I could feel the grit of sand beneath my toes, the heat pushing down on my head and the icy tickle of the incoming tide.
I could hear the roar of the surf and the gentle buzz of adult conversation.
I could smell the salt and tang of ocean.
Perhaps my mind has simply filled in those details, like an artist shading and highlighting to give the picture more depth. What I DO know is that as I stood at the edge of the ocean, an enormous wave knocked me down and dragged me under the water.
Until my Dad reached down, pulled me out of the water and held me tight in his arms.
It was a split second in time, so heavy with sensation and emotion that it imprinted permanently on my young mind.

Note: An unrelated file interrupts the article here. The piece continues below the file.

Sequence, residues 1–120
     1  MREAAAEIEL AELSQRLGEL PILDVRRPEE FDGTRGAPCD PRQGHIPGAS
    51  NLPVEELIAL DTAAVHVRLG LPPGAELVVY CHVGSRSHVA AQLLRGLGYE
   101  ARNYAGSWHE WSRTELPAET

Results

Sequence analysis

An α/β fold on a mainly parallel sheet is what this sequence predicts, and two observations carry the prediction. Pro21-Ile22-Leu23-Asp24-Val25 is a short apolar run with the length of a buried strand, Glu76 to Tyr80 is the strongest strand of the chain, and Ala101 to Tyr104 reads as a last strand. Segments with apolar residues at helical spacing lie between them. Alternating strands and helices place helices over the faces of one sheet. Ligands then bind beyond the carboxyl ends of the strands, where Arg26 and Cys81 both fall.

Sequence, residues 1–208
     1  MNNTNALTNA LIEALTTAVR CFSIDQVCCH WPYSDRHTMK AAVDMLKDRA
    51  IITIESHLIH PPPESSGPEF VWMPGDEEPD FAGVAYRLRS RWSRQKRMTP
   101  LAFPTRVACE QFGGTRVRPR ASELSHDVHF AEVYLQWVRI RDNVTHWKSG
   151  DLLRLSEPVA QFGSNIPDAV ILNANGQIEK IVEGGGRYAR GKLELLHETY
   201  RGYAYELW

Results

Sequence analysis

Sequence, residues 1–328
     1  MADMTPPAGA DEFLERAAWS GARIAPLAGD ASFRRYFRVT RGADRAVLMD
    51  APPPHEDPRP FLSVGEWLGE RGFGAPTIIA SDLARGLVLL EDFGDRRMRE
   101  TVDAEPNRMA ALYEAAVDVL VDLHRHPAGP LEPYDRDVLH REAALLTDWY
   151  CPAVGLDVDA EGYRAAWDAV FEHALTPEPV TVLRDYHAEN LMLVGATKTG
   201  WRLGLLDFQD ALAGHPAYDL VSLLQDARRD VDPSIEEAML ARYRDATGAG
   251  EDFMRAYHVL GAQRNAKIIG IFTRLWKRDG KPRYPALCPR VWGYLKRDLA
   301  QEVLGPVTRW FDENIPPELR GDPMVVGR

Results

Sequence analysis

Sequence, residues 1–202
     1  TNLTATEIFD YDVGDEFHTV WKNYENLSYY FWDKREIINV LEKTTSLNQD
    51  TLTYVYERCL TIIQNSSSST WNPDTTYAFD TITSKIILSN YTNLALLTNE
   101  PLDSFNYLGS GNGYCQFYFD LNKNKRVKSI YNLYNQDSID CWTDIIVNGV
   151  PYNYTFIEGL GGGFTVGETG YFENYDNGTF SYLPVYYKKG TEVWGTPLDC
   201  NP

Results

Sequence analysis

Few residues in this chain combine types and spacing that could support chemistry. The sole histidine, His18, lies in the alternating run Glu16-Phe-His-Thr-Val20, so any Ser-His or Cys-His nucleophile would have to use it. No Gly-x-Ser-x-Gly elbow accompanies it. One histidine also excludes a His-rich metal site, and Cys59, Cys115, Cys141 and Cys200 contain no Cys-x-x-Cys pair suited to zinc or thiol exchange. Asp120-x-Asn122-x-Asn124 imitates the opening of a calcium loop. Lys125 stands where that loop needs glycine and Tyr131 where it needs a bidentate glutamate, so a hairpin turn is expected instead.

It’s easy to overlook children’s earliest experiences, especially when they are too young to form lasting memories. But those first three years shape our understanding of ourselves and the entire world. In a way, those traumas and triumphs, however small, are the most important memories of all. Even if we can’t quite recall them. Even if they are hazy or incomplete. Even if they are only a feeling. They become the scripts in our psyche – how we interpret events, what we expect from life and, ultimately, who we are.
At a very young age I learned that the world can be a scary place.
That waves are stronger than me.
And my Dad is stronger than the waves.
So here’s me, at age 2. I am convinced that this memory, and countless others like it, are the foundation if my confidence, resiliency, intimacy, trust… and faith. A good reminder that the endless menial tasks of parenthood – keeping babies safe, fed, warm and comforted – have lifelong effects.